—Jon D. Payne , Presbyterian Church in America church planter, Charleston, South Carolina; Visiting Lecturer, Reformed Theological Seminary; Series Editor, Lectio Continua Expository Commentary on the New Testament
About the Author
J. V. Fesko (PhD, University of Aberdeen, Scotland) is the academic dean and professor of systematic and historical theology at Westminster Seminary California. He was the pastor of Geneva Orthodox Presbyterian Church in Woodstock, Georgia, for ten years. J. V. lives in Escondido, California, with his wife, Anneke, and their three children.
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As Fesko fully acknowledges, there have been many books that have focused on the Westminster Standards. Either as a whole, or in part. One weakness that Fesko identifies is that those treatments tend to address the Standards in current context. That is, what they mean as read today. Where Fesko’s project differs is that he attempts to return to the cultural context of the Westminster Assembly and understand exactly what was meant when the documents were written.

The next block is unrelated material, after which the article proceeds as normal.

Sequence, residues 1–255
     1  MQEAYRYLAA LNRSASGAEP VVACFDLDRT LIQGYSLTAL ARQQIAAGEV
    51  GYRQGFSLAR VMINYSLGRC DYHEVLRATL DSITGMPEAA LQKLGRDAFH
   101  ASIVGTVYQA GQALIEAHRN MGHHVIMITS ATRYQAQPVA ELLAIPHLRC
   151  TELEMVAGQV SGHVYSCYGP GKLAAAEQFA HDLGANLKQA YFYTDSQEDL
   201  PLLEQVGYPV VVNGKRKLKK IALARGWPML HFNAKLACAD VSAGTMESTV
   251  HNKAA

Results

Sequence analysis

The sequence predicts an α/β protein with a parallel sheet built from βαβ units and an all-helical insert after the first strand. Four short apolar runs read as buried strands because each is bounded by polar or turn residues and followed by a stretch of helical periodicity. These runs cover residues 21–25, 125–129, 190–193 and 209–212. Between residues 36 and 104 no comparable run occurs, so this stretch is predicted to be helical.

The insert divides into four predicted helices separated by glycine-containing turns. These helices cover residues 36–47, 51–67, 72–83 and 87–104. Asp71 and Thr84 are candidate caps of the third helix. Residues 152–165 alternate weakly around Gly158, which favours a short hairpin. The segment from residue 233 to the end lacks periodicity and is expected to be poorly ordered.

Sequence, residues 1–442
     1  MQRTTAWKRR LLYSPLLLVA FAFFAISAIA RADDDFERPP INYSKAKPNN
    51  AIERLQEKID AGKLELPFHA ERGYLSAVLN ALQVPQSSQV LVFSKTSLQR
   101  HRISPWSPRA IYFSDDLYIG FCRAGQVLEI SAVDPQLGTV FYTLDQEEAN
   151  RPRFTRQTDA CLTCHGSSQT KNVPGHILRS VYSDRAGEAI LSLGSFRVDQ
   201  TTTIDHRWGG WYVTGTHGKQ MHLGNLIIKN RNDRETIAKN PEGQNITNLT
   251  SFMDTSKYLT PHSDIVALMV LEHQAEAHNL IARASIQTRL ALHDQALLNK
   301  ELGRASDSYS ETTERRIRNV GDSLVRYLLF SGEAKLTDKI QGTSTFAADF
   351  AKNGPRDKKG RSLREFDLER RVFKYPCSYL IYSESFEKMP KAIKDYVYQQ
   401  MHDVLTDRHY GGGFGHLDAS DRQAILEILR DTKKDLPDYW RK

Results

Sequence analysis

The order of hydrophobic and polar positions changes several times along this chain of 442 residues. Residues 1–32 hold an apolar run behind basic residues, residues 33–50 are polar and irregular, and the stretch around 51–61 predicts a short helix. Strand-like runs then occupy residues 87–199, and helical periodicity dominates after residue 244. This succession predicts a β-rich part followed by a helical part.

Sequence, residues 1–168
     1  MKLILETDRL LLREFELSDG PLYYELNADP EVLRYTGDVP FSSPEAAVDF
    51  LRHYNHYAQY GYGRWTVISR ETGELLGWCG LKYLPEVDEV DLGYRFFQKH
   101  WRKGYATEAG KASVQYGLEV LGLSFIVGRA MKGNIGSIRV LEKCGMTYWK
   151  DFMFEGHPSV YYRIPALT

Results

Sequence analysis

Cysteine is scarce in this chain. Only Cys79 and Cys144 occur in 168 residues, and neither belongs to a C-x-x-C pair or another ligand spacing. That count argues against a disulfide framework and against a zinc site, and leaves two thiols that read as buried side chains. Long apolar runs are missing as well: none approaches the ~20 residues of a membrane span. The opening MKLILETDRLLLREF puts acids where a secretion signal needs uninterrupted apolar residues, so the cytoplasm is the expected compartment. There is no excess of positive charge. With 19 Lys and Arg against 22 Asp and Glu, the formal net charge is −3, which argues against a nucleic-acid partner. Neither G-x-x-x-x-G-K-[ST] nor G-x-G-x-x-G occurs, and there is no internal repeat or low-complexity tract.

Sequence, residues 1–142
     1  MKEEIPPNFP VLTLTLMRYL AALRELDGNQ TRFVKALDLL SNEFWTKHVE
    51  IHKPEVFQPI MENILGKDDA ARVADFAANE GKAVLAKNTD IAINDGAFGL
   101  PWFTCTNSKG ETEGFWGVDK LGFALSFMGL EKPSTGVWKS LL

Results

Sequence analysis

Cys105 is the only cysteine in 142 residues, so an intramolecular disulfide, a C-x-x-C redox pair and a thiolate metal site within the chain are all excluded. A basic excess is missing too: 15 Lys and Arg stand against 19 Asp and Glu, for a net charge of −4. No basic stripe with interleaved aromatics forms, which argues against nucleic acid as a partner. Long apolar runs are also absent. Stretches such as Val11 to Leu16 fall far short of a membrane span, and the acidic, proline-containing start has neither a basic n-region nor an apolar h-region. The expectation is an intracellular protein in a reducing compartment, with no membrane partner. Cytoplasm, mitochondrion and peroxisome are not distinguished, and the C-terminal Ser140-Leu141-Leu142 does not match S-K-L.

This is a helpful exercise in textual exegesis that we are very comfortable and familiar with in the arena of Biblical Studies, but rarely does someone outside the discipline of Historical Theology do this with a post-Biblical document. His direct approach utilizes both the minutes of the assembly itself, as well as primary sources surrounding the gathering. Because of this, the text is explicated in a way that is refreshing. Despite somewhat archaic language, it gives the reader a sense of actually being present during the writing of these important theological statements.